How to Clear DNS Cache in Android Using Google Chrome and Net Internals DNS

clear cache android chrome net internals dns
clear cache android chrome net internals dns

In the high-speed world of digital advancement, one cannot understate the importance of personal online security and fluid browsing experiences. A significant step towards achieving these goals is the periodic clearance of the DNS host cache in your browser, a procedure often called a cache flush. This comprehensive guide will walk you through the steps needed to perform this task on your Android device using Google Chrome and net internals DNS.

Understanding the Importance of Clearing Cache

Clearing cache is more than just a routine task. It significantly enhances your online exploration experience on smartphones and serves as a protective measure against potential privacy invasions. Today’s focus will be on the chrome://net-internals/#dns Android method to eradicate obsolete host data and browsing history from Google Chrome. The value of this guide lies in its straightforward approach to flush the browsing host cache, thereby refreshing your Android device.

Insight Into Cache Clearing: The What, Why, and How

The term “chrome://net-internals/#dns android” may sound technical, but it’s simply a unique command for Google Chrome users on Android smartphones. This command activates cache clearing settings in Chrome, eliminating the need for additional cache cleaning apps on your Android device. The ability to clear cache android chrome net internals dns in a few simple steps is an indispensable skill for every Android user.

Guide to Purging DNS Cache in Chrome for Android

Here are the step-by-step instructions to remove all host cache data in Chrome for Android:

  1. First and foremost, open Chrome and ensure all open tabs are closed.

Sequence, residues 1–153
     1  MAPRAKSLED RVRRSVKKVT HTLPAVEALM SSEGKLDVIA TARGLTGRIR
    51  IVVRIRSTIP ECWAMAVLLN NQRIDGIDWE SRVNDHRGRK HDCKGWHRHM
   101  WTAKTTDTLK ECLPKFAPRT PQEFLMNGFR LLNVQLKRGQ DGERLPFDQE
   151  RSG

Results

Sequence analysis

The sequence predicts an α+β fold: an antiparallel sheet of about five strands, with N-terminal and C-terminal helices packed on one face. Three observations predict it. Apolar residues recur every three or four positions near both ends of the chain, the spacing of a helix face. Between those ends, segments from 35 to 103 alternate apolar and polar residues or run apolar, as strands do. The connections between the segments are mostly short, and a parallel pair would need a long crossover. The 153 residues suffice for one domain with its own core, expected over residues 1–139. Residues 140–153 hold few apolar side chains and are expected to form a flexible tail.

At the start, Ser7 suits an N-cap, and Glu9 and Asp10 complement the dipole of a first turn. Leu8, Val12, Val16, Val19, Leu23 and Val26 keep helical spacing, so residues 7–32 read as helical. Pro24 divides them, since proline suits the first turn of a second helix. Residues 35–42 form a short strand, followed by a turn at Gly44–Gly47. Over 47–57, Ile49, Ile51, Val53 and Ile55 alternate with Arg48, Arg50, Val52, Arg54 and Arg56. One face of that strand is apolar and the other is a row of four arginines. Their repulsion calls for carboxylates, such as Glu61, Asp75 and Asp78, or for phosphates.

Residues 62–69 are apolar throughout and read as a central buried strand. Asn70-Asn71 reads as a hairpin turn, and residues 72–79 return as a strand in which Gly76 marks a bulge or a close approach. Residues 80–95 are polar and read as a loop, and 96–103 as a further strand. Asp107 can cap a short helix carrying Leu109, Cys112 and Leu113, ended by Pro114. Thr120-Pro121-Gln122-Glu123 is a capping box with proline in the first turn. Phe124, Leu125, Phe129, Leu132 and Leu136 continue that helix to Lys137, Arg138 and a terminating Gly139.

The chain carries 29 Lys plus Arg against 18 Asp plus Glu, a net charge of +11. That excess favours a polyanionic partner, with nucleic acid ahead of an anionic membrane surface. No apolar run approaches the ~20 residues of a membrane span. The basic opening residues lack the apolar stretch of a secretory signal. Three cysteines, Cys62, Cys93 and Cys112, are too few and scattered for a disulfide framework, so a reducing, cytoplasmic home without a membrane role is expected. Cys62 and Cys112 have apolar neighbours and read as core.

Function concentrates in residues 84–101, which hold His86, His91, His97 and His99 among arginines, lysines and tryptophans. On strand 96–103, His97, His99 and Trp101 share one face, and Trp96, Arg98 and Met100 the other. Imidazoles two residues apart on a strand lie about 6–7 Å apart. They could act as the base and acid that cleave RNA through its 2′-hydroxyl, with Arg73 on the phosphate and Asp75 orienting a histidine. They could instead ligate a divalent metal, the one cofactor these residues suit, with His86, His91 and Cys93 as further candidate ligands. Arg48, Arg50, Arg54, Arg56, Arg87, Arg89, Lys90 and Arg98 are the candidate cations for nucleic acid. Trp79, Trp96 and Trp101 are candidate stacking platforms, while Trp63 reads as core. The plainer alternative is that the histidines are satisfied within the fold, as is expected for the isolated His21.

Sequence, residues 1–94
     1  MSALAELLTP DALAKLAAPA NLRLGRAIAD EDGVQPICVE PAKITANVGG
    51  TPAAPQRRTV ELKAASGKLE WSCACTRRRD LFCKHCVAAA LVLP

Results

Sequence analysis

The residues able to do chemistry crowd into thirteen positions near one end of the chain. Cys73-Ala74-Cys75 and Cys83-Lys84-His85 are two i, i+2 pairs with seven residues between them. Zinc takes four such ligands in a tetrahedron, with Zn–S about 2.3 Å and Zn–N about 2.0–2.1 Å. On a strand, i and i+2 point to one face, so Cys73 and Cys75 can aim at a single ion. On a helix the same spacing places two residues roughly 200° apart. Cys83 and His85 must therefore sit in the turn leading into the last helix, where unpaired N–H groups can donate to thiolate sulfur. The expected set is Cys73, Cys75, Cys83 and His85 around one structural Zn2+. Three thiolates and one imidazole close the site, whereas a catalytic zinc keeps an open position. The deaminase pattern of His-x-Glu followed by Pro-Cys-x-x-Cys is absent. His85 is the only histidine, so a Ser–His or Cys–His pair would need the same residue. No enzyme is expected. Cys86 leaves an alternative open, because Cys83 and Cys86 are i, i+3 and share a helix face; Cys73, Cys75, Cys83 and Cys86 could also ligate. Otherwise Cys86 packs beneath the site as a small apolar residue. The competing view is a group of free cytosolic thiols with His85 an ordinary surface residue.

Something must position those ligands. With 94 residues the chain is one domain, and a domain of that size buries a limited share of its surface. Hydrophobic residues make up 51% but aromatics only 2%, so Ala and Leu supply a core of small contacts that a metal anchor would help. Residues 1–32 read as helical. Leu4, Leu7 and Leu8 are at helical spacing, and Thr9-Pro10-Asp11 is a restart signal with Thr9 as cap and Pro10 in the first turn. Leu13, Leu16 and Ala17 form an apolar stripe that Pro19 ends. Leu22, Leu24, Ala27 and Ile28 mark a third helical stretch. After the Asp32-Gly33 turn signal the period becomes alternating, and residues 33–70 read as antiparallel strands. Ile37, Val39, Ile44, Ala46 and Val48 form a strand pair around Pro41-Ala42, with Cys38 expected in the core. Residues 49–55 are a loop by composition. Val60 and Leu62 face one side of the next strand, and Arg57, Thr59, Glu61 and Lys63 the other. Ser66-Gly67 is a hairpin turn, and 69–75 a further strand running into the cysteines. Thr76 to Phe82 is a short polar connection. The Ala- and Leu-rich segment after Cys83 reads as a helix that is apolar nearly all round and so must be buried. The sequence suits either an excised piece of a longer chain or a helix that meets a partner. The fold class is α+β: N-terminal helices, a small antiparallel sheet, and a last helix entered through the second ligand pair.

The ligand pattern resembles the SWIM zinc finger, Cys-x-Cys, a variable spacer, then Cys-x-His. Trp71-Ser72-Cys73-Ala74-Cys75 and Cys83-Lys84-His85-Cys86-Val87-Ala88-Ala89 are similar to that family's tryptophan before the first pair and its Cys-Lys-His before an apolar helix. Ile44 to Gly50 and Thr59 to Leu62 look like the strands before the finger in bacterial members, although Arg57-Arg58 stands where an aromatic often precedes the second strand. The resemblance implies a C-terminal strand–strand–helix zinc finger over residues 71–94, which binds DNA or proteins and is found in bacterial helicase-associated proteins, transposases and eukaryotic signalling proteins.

2. In the address bar, type the code chrome://net-internals/#dns.
  3. Press the ENTER key on your on-screen keyboard and wait for a moment.
  4. On the page that appears, press the “Clear host cache” button.
  5. Allow a few seconds to approximately a minute for Chrome to completely clear the DNS cache.

You might not receive any confirmation message after performing these steps, but you should notice a speedier and more seamless browsing experience. This is because Chrome has effectively purged the DNS clutter, enabling the browser to fetch new data from the web server.

Techniques for Clearing DNS Cache on Android Devices (2023)

The ways to clear the DNS cache on Android devices are diverse and cater to different user preferences and tech savviness. These methods include traditional techniques, approaches for root users, and DNS server modifications.

Flushing DNS Cache in Google Chrome

Google Chrome isn’t just the default browser on Android devices; it also handles a myriad of system functionalities in the background. For frequent Chrome users, the DNS cache on Android can be cleared using a hidden Chrome URL.

Steps to Follow
  1. Open Chrome on your Android device and type the path chrome://net-internals/#dns. Then, press Enter.